Courtney and I have both committed significant portions of our lives to working with organizations in the Atlanta area that focus on the problem with homelessness. Courtney is on the board of Nicholas House, which is an organization dedicated to providing temporary housing to help homeless families address the root cause of their homelessness and never become homeless again.
This is significant because they are the only homeless organization in Atlanta that allows fathers and teenage boys to say with their families as they work through their homelessness. Every other organization separates fathers and teen sons from their mothers, sisters, and adolescent brothers.
I have been on the board of two different low income senior housing facilities and I currently serve as a board member at The Furniture Bank of Metro Atlanta. I am particularly proud of the work we do at the furniture bank. Families who are transitioning out of homelessness, many of whom are involved with Nicholas House, get an apartment or other subsidized housing arrangement.
As you may expect, they do not have any furniture, nor do they have the financial means to acquire any furniture. So they are given vouchers to receive furniture at the furniture bank. There is a slight twist. We don’t just give them any old furniture.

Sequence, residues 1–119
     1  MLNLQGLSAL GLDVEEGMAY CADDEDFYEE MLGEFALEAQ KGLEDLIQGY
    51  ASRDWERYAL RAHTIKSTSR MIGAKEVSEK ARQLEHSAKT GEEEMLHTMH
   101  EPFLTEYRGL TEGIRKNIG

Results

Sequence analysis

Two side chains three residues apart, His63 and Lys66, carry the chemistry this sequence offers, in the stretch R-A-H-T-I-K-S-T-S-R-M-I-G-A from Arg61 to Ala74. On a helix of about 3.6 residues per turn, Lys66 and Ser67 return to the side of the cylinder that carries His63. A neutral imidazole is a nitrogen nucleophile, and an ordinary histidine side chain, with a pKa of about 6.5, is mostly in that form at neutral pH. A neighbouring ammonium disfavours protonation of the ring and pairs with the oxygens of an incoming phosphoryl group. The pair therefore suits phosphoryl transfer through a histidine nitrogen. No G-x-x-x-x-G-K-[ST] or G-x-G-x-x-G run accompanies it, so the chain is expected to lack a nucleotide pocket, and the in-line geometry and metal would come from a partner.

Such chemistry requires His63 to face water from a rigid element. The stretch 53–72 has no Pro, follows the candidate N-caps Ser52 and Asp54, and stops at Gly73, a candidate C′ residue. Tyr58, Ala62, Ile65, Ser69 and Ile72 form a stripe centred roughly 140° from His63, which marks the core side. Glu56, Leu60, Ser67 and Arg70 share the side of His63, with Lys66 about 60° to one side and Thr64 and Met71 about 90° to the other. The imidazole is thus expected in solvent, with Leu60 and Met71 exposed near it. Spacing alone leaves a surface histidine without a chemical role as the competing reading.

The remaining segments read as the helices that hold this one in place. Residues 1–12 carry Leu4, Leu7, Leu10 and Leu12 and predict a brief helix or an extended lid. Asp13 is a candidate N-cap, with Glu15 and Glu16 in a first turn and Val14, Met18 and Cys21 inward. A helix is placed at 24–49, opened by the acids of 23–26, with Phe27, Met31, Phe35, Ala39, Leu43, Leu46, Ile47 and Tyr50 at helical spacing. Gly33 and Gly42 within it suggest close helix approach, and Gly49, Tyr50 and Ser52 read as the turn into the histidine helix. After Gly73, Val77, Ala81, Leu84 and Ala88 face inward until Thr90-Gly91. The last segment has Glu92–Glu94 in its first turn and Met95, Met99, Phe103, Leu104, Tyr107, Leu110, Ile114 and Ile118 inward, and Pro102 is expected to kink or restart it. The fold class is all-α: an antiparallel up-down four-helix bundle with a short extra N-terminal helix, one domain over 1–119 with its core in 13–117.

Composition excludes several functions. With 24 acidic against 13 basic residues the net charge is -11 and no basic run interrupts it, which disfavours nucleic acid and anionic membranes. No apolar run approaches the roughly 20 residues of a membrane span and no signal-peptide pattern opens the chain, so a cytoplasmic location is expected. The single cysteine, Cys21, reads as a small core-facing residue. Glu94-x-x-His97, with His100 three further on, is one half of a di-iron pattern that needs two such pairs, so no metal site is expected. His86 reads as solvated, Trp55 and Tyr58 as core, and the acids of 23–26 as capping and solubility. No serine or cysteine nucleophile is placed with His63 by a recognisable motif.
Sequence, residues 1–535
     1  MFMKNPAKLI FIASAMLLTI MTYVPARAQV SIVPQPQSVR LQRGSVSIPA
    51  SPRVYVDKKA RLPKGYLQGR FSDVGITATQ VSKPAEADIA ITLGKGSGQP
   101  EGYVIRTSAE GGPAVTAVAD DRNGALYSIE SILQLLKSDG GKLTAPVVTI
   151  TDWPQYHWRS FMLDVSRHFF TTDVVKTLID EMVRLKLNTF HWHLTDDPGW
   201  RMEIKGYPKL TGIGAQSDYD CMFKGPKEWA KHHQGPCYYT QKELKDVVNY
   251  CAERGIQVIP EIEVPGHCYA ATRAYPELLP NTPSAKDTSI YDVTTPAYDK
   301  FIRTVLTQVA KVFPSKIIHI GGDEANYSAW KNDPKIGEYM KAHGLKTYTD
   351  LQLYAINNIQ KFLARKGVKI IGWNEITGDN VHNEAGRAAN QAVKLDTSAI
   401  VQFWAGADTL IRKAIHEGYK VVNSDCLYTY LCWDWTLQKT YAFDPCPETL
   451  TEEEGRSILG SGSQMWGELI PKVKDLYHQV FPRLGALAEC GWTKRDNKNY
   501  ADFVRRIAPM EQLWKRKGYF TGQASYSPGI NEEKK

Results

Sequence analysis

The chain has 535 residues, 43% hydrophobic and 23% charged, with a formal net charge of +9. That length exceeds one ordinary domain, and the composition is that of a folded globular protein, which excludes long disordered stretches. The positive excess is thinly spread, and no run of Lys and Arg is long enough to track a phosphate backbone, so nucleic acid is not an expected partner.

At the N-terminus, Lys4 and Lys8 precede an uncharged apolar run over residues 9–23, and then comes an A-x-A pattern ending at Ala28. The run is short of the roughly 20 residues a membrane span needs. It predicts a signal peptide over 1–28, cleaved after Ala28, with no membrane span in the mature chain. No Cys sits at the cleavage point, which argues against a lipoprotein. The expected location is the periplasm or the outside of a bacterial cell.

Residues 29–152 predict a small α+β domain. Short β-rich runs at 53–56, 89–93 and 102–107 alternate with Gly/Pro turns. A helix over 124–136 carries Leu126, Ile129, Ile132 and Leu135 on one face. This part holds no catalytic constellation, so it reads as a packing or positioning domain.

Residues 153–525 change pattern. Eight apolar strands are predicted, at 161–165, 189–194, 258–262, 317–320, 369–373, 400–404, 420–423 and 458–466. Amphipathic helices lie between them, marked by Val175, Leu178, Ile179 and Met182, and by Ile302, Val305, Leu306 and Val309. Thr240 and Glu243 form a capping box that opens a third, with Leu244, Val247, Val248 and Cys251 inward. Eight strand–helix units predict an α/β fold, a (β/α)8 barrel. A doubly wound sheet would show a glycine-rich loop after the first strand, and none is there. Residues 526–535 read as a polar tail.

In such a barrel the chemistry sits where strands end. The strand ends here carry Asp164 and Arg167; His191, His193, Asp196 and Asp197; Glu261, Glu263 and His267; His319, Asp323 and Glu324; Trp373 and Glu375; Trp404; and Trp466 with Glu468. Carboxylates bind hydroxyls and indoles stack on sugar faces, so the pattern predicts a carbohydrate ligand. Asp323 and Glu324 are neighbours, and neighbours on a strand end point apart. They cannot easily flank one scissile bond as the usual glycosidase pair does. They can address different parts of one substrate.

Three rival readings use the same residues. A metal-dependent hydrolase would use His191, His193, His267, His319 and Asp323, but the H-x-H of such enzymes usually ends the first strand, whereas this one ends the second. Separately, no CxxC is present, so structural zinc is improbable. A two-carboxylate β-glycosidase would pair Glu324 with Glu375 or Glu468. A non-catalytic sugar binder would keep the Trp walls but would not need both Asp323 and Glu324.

Each family comes to the furniture bank with their vouchers and gets to shop in our warehouse for couches, chairs, end tables, and other necessary furniture. For many of them this is might be the first time in a long time that they have been able to to decide anything for themselves.
And, knowing that they likely are not able to transport all of this furniture to their new home, the furniture bank delivers it to them, free of charge. In order to deliver all this furniture we need delivery workers. To fulfill this need we hire homeless veterans for that task.
We pay for them to get their CDL license and train them how to deliver furniture with the goal of transitioning to full time employment with delivery companies around the Atlanta area. If they have substance abuse issues and are unable to obtain a CDL, we work with them to teach them how to recycle used mattresses in our warehouse.